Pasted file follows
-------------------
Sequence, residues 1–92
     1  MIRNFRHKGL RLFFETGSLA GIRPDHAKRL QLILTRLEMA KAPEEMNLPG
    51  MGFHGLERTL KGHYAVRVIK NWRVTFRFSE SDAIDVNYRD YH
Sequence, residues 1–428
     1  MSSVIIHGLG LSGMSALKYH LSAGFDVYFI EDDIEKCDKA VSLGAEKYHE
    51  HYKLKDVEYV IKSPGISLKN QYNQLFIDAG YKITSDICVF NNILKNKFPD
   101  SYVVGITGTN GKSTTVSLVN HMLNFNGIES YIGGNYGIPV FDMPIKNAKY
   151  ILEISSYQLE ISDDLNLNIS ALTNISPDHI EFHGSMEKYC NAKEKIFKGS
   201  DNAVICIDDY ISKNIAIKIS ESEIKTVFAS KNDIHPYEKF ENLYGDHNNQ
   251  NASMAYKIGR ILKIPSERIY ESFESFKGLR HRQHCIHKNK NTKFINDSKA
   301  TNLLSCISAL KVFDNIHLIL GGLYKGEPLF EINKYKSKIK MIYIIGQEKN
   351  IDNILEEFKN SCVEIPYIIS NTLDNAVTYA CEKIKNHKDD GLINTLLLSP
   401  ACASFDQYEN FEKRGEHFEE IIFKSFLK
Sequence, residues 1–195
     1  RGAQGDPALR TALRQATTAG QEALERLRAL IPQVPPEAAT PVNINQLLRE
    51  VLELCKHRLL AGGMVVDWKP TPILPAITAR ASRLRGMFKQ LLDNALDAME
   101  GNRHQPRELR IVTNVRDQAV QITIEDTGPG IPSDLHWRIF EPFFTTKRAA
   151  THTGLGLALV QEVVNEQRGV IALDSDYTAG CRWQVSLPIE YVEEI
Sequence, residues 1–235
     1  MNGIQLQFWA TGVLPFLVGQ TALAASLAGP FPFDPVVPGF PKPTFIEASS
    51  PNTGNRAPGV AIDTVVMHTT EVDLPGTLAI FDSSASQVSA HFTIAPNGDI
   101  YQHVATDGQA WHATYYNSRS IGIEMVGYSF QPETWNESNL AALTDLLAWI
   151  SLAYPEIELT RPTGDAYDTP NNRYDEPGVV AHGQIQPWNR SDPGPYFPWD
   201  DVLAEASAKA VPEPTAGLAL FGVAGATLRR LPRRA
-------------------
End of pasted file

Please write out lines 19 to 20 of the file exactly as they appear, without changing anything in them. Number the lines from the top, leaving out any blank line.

Sequence, residues 1–235
     1  MNGIQLQFWA TGVLPFLVGQ TALAASLAGP FPFDPVVPGF PKPTFIEASS